By Bethany Ao
In my blog posts, I focused on examining romantic relationships, both within the Asian American community and interracial ones, through analyzing depictions of them in popular culture in scripted and reality television shows, literature and movies. I explored the power dynamics within those relationships and why they existed, how those relationships were perceived by the greater Asian American community, and how most depictions of those relationships are problematic in media.
I started out by looking at how Asian American women betray their racial identities in different ways on the Bachelor franchise before moving to examine how white femininity is used to legitimize Asian American masculinity, specifically through sexual relationships, in comedian Aziz Ansari’s Netflix series Master of None. Continuing with a close reading of sex scenes on screens, I analyzed Asian lesbianism in “The Handmaiden,” a Korean movie that perversified the sexual desires of men. For my last blog post, I chose to revisit a book I liked in high school that prominently featured a unequal interracial Asian American relationship, written by a white author.
One thing I tried to focus on in this class was linking academic concepts we covered during lectures to things that I recognized as controversial in pop culture. Before taking this class, I was pretty good at recognizing when a portrayal of Asian American sexuality was questionable in books and on TV screens, but I wasn’t as good about vocalizing why. It was really enlightening for me to begin to learn how to vocalize exactly why something vaguely problematic was that way through connecting sexuality with things like politics, race and capitalistic interests.
Central questions I identified through this process were: why are most portrayals of interracial relationships in popular media problematic? When certain portrayals are problematic, whose interests are they defending? How can portrayals of queer relationships deconstruct dominant hegemonic structures? How do the racial and gender identities of the creator of a piece of art affect the portrayal of race and sexuality in the work?
Given more time in the class, I would have continued to examine when things labeled as pop culture are problematic with Asian American sexualities. I think the issue of allowing something to get away with being problematic because it is a piece of art is very interesting — at what point do you draw the line and call it for what it is? Throughout our class, we’ve looked at pieces of art that confront dominant structures that are also problematic. Those pieces of art show that there are people who are trying to work against hegemonic structures. Does that mean we can’t excuse artists who aren’t trying to do that?
After writing my blog posts, I’ve decided that creative liberty is simply not good enough of a reason to excuse problematic movies, television shows or books. A creative has to take responsibility for the impact of their art, and to use creative liberty as a reason not to address issues within artistic realms is lazy, especially when these issues often involve the lives of real people. When Asian Americans are portrayed stereotypically on our television screens, the possibility of one of our neighbors saying something casually racist to us increases. When creatives choose not to challenge themselves to find less problematic ways of expressing their artistic vision, it hurts marginalized communities.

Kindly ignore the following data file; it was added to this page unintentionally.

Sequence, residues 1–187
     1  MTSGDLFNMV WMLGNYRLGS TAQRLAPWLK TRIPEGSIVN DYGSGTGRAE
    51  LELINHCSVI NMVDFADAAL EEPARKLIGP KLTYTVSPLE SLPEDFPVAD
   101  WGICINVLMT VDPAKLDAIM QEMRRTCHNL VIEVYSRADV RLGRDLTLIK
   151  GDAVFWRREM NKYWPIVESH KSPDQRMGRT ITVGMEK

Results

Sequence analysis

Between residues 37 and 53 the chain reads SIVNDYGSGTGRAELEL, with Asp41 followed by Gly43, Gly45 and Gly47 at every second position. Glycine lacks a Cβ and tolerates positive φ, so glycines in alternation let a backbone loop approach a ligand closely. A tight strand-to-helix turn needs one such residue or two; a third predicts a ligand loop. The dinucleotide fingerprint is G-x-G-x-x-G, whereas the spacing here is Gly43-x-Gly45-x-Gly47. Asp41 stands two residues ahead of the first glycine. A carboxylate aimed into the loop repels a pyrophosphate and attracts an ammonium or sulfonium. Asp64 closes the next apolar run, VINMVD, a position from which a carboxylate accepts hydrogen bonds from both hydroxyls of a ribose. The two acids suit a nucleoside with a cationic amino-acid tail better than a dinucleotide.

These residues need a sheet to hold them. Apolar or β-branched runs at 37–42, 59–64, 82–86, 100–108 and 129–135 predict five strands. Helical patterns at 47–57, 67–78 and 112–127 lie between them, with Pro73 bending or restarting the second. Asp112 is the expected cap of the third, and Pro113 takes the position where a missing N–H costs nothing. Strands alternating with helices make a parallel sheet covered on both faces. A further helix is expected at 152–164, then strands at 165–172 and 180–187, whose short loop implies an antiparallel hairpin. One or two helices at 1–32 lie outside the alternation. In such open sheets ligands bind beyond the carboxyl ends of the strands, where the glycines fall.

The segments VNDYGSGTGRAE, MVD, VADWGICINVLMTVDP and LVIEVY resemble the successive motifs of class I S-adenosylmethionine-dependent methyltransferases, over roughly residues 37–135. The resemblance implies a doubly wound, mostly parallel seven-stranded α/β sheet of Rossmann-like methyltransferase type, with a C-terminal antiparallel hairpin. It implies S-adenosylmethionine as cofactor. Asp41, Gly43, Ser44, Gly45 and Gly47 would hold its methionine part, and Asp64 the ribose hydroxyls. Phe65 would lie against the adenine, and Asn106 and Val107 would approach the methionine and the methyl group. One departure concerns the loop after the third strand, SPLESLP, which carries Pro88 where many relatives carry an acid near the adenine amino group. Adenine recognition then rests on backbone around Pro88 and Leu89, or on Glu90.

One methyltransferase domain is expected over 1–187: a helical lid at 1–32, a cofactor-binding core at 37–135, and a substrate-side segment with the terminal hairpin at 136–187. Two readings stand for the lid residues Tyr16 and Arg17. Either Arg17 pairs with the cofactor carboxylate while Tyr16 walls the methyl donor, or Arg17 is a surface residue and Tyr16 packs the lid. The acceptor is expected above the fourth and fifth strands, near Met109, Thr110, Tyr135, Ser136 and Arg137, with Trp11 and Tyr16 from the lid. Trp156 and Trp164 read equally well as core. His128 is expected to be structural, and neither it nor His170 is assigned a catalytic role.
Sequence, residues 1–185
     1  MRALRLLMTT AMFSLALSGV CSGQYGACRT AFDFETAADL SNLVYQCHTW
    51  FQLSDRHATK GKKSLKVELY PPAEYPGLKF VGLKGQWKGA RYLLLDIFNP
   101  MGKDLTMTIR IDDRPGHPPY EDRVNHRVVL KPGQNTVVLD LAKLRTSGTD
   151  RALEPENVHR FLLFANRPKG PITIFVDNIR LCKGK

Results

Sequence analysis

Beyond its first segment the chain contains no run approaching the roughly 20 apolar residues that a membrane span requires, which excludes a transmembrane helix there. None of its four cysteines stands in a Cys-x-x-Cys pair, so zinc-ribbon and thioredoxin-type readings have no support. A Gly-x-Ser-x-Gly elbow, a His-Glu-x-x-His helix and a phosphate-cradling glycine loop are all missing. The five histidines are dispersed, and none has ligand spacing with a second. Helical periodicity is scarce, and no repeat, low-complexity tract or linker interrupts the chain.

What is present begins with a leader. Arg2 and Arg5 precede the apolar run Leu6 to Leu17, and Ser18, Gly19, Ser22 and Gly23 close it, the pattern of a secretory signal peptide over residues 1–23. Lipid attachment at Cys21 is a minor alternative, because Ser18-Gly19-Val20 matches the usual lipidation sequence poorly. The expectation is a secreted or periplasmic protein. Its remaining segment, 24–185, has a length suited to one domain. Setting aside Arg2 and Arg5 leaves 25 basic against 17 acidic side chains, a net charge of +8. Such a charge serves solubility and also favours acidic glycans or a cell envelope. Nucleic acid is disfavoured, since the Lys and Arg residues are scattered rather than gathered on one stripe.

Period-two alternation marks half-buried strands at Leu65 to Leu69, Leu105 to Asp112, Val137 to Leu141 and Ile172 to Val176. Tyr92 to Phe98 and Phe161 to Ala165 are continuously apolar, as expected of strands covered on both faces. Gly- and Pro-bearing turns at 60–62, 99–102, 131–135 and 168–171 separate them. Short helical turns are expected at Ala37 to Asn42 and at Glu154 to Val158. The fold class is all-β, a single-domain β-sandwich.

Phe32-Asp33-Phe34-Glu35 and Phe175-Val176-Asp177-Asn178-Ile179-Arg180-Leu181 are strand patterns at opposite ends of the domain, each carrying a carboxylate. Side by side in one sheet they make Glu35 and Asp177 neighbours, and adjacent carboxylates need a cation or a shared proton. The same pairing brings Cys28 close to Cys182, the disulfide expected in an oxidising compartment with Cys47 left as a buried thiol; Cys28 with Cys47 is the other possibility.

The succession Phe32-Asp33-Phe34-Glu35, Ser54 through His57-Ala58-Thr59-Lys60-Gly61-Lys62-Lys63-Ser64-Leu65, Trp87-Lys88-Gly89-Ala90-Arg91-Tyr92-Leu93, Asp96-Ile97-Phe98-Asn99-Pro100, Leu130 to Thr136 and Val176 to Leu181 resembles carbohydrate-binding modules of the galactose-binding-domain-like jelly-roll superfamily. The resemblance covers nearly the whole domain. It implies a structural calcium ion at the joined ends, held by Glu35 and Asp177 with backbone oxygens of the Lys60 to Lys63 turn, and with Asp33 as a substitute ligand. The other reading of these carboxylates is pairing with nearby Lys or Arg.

Romantic relationships and sexualities are often huge parts of pieces of work within pop culture. However, because they’re so widely spread and accepted, we don’t stop and consider those pieces of work as art in the same way we consider something hanging in an art gallery art. But perhaps it is because of the seemingly fleeting nature of pop culture that makes it so good at perpetuating hegemony. For example, producers ask viewers to think about The Bachelor through individual seasons. Each lead is a different person with various individuals to date. That kind of psychological separation makes it harder for most people to see the lack of diversity on that particular show. When things that make us uncomfortable because of our race and gender come up in books or on our television screens, pop culture asks us to write them off as individual occurrences, not something systematic.
It’s even harder to confront Asian American sexualities in the context of pop culture because there’s not much of it shown in the first place. Only recently have Asian Americans begun to see themselves more in the media, but the temporary nature of pop culture makes it extremely difficult for Asian American sexualities to be represented with nuance. The impact that the shallow understanding of Asian American sexualities on consumers of media should not be discounted either — mass media is more easily consumed than anything that requires a deeper level of thought. Because of that, mass media also often influences and shapes our thoughts more rapidly than other mediums.
I focused on connecting pop culture and mass media to theories we learned in this class because I want to be able to explain why certain things that come up in everyday conversations are problematic through more theoretical lenses. For me, the best part of Asian American studies classes has always been applying larger, more challenging academic concepts to things we see again and again in our everyday lives, whether it be through pop culture or our personal narratives. Making those connections in the real world is the only way we can push back against harmful hegemonic structures.